Japan’s diminutive new Prime Minister Yoshihide Suga, 71 is a dry, non charismatic technocrat whom is not a natural fit for leadership.
As he picked a cabinet that will have to deal with a staggering, stagnating economy, he should have been slapping, thrusting and hurling unfit bodies out of the ring.
That has not happened. Suga’s first shove should have been directed at Taro Aso, Japan’s soon-to-be-80-year-old finance minister.
Aso was also former Prime Minister Shinzo Abe’s deputy and is, therefore, the subordinate most responsible for that dud known as “Abenomics.”
On Abe’s behalf, Aso should’ve been using his deep connections and hefty clout to shake up Japan Inc’s rigid and aging system. He did not.
Keeping Aso, the ultimate “shadow shogun,” in a job at which he’s failed demonstrably belies that claim, and casts a pall over Suga’s determination to reform.
That ambition is also obviated by keeping Yasutoshi Nishimura on as the economy minister and sticking with Hiroshi Kajiyama as trade minister.
In all, Suga’s economic team is a trifecta of mediocrity that looks better fitted for a wax museum than an aggressive, forward-looking government.
That means staying with ultra-loose Bank of Japan policies, fiscal pump-priming and supply-side moves to increase competitiveness, but that, however, is exactly the problem Japan needs to overcome.
As Suga pledges to accelerate steps to loosen labor markets, cut red tape and support a startup boom, he’s essentially admitting that Abe had managed to get little done in nearly eight years in power.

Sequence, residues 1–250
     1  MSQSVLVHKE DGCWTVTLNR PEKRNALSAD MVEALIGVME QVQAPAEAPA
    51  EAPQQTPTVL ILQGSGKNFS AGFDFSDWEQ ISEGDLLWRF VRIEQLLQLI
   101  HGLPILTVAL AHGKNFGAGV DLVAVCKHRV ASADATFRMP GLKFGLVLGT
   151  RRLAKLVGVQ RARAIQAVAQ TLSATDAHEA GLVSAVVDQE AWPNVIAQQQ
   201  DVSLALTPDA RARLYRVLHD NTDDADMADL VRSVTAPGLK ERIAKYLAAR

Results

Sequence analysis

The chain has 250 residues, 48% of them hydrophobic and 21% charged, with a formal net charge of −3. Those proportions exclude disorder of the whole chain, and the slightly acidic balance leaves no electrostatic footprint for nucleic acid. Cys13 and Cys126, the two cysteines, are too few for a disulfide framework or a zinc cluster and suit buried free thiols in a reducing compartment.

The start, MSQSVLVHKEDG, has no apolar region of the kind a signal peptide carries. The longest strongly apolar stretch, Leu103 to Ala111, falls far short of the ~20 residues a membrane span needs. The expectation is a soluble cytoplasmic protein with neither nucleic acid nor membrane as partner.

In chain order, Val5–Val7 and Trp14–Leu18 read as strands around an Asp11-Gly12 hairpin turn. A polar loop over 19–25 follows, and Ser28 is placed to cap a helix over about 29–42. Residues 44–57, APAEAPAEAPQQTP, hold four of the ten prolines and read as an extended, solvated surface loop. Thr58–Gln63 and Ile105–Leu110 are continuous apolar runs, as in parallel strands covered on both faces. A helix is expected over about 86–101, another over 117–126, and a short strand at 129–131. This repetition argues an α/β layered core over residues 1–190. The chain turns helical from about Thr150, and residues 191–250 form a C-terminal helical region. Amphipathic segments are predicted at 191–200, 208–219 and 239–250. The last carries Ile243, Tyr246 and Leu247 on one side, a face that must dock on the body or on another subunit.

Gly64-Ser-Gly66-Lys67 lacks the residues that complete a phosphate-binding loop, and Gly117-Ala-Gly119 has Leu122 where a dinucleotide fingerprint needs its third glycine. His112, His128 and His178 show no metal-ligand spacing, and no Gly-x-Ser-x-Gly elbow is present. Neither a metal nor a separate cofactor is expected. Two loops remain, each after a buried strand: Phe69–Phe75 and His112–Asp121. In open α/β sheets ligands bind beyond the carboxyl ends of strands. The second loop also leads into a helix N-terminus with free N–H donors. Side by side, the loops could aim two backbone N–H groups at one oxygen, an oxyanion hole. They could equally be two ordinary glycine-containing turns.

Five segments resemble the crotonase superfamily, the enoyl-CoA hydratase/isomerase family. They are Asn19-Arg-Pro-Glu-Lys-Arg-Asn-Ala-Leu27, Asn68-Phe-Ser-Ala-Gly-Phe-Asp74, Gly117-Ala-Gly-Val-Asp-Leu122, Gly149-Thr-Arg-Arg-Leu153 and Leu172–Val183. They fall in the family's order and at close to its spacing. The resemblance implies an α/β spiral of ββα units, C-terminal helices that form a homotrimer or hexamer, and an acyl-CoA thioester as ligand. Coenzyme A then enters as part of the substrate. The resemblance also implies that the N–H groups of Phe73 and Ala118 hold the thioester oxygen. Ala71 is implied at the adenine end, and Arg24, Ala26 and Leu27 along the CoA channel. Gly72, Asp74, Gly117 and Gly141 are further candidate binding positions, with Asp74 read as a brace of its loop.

Yet is Suga, the man at Abe’s side that entire time, really the one to bulldoze through a change-averse bureaucracy?
The median age of Suga’s cabinet is about 61, with three ministers in their 70’s. Japan is in the Reiwa imperial era, which last year succeeded Heisei and the Showa period before that. It’s Japan’s version of Generation X, Y or Z in the west.
Suga should have allotted more than two of 20 cabinet posts for women. He could have turned heads by naming the two women he did pick – Yoko Kamikawa and Seiko Hashimoto – to higher-profile jobs than justice minister and Tokyo Olympics minister, respectfully. Both are pretty thankless gigs.
Abe’s female staffing choices always smacked of tokenism. Despite promising to make women “shine,” Abe never entrusted a woman with a portfolio – finance, foreign affairs or chief cabinet secretary – that holds genuine power. Suga seems content to carry on this tradition.
The World Economic Forum has estimated that empowering women would add about $550 billion annually to Japan’s gross domestic product, or about 10% of GDP. Banks like Goldman Sachs reckon the boost could be 15%.
In 2012, Abe’s “womenomics” program pledged to have women in 30% of leadership positions by this year. Tokyo has now delayed that goal to 2030. Only about 7% of the LDP’s lower house members are female.
More likely, Suga will double down on conventional stimulus – just like Abe and the myriad prime ministers before him. As Corona-virus fallout intensifies, the $2.2 trillion of stimulus Tokyo tossed at the plandemic is not halting the GDP drop.
This staffing choice alone suggests Tokyo’s efforts to increase defense capabilities will continue – or even intensity – on Suga’s watch, with Abe lathering the process in the background.
Suga’s courage to actually do his job depends on how long he’s around. If he’s a mere placeholder between the Abe era and the September 2021 general election, Suganomics won’t really be a thing.
Either way, the wax museum of characters dominating the economic team in his cabinet is an uninspiring start for investors hoping for a Japanese revival.
Asia Times / ABC Flash Point News 2020.